Again, we find that it is extremely fallacious to believe in something just because you think it's 'possible' and 'everything I've seen suggests...' and the litany of other fallacies which have been employed. Leaps of logic and faith isn't really acceptable evidence at all.
« Last Edit: June 05, 2020, 01:21:31 AM by Tom Bishop »
"The biggest problem in astronomy is that when we look at something in the sky, we don’t know how far away it is" — Pauline Barmby, Ph.D., Professor of Astronomy

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Offline JSS

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Re: Occams razor according to Flat Earth
« Reply #17 on: June 05, 2020, 01:20:26 AM »
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I'm thinking that with everything I know of science and the current limits of technology and what I've personally witnessed and experienced, that rockets capable of reaching orbit seems very possible.

That's nice. But how is this any different than the legions of people who believe that magics are possible, based on endless and substantial old stories of magics and myscicisms being performed?

They believe something is possible, and justify their belief on those third party stories which they did not witness themselves. It is, of course, easy to say how simple it is to believe that magics and energies can exist to allow those stories to be true, so why not?

Again, we find that it is fallacious to believe in something just because you think it's 'possible'.

If dragons flew around and breathed magic fire, then if someone said they had magic powers I wouldn't just dismiss it. It's all based on evidence, observations.

I never saw the Nile, but I am sure it exists.  I never saw The Emerald City, but I'm just as sure it doesn't exist. Why? Because the Nile has a vast amount of evidence that it exists, and the Emerald City has a vast amount of evidence that it's just a movie.

You are saying that we should believe absolutely nothing at all. I disagree. There are limits to what we can personally experience. Nobody has seen an atom, but I have no doubt they are real.

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Offline Tom Bishop

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Re: Occams razor according to Flat Earth
« Reply #18 on: June 05, 2020, 05:27:45 AM »
Atomic theory is a good one, because it's not really clear that subatomic particles exist. It is possible that matter is made of waves. It certainly would explain why some particles can 'act as waves'.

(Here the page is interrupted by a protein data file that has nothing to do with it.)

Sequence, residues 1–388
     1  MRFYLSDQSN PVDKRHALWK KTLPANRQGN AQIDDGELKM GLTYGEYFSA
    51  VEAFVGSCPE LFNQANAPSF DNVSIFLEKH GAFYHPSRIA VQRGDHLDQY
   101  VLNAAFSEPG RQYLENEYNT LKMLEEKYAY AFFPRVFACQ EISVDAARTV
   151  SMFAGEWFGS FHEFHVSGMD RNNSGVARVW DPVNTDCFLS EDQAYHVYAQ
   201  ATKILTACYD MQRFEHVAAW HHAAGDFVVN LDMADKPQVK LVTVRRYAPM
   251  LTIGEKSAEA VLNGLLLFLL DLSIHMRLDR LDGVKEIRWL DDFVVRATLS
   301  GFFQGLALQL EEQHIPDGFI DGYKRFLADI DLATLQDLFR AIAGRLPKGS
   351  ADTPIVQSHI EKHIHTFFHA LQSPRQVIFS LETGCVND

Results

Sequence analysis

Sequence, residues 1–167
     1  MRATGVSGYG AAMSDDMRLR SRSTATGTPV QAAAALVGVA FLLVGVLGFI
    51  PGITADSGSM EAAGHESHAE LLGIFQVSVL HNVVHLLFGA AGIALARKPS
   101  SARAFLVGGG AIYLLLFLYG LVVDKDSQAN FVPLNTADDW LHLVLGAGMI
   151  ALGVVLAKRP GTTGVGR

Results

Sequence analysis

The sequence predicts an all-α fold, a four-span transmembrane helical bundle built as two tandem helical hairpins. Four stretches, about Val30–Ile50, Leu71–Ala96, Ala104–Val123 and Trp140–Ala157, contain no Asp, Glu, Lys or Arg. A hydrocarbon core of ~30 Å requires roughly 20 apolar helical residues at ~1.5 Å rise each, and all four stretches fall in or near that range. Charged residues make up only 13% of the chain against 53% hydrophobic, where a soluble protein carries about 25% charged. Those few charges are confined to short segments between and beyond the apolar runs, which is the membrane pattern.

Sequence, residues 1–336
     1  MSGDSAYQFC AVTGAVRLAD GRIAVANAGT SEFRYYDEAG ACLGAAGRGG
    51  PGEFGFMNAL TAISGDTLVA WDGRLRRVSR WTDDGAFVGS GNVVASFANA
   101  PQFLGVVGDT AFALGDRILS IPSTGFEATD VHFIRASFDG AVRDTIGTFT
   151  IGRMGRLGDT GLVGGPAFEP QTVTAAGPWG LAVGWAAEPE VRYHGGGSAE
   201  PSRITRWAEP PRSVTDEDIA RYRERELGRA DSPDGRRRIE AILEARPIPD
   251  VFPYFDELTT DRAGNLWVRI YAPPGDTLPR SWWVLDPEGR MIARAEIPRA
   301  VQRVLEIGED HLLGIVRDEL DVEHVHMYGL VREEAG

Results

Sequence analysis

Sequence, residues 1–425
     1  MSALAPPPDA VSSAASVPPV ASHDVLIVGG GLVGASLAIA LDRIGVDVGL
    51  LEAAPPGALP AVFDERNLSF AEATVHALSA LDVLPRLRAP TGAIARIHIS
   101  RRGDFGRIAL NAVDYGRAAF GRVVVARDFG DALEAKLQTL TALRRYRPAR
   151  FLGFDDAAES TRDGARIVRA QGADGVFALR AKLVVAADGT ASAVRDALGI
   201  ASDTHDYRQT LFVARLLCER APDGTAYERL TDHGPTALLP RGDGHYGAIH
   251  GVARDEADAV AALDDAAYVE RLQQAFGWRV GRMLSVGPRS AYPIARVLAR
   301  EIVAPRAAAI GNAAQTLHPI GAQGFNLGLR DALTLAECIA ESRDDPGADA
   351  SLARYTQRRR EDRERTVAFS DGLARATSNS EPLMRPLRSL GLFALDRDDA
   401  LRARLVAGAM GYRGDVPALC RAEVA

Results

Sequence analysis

Have you ever seen a subatomic particle?

An argument for atoms would need to be self evident, rather than on faith. An argument founded on "I can believe that they can possibly exist, and so that's why I believe it" is rather irrational.
"The biggest problem in astronomy is that when we look at something in the sky, we don’t know how far away it is" — Pauline Barmby, Ph.D., Professor of Astronomy

Re: Occams razor according to Flat Earth
« Reply #19 on: June 05, 2020, 07:15:03 AM »
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How is seeing a flat earth not the simplest explanation for its flatness?

So Tom are you suggesting that you can reach a formative conclusion that the Earth is flat based on what you can see directly? 

From the window of my house I cannot see any mountains, oceans, forests or deserts directly but I know they are all out there beyond what I can see.  So should I assume that none of those well known features of the Earth actually exist?  If I limit my acceptance of what exists and what is real to what I can see directly then I would suggest that I am going to put a severe limit on what I accept as real and true.

There is a common saying that we see what we want or expect to see and not what we don't.  So as a flat Earth believer Tom you see a flat horizon and naturally conclude that is evidence enough (for you) that the Earth is flat. But then do you ask yourself ''is there any other possible explanation for what I see?'  And the answer to that is yes there is. We can only see a very, very small part of the Earths surface and so on a sphere the horizon is an equal distance away in all directions. Hence it appears flat.  That is true regardless of where you are.

This something that has been pointed out over and over and over again. FE have their own explanations to suit their belief and that is that.

« Last Edit: June 05, 2020, 08:48:39 AM by IronHorse »